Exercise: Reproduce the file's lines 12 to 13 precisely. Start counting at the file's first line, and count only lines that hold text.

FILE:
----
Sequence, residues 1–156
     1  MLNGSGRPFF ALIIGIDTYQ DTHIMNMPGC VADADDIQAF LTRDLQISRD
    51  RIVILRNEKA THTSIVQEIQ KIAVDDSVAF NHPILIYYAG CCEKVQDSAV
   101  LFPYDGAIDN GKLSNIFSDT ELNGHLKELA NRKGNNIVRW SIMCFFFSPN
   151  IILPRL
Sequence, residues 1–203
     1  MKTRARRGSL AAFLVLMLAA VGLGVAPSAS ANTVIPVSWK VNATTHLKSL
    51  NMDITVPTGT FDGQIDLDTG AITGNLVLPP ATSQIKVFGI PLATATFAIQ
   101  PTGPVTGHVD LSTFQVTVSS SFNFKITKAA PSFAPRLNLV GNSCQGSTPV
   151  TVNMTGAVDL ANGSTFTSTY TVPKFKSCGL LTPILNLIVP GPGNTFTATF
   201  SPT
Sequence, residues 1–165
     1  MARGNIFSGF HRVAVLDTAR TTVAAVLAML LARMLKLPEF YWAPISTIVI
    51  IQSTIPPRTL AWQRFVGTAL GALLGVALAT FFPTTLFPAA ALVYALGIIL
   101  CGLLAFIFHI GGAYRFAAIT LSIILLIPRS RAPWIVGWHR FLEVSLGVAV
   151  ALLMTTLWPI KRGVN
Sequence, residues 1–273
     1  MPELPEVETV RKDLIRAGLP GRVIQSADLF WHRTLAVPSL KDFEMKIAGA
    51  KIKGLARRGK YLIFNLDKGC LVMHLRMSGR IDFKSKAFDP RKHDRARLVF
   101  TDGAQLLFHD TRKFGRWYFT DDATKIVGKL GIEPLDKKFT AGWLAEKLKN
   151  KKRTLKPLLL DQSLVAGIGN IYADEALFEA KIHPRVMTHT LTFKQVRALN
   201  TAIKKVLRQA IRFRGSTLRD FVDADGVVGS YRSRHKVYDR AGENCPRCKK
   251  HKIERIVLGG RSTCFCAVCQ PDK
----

Sequence, residues 1–165
     1  MARGNIFSGF HRVAVLDTAR TTVAAVLAML LARMLKLPEF YWAPISTIVI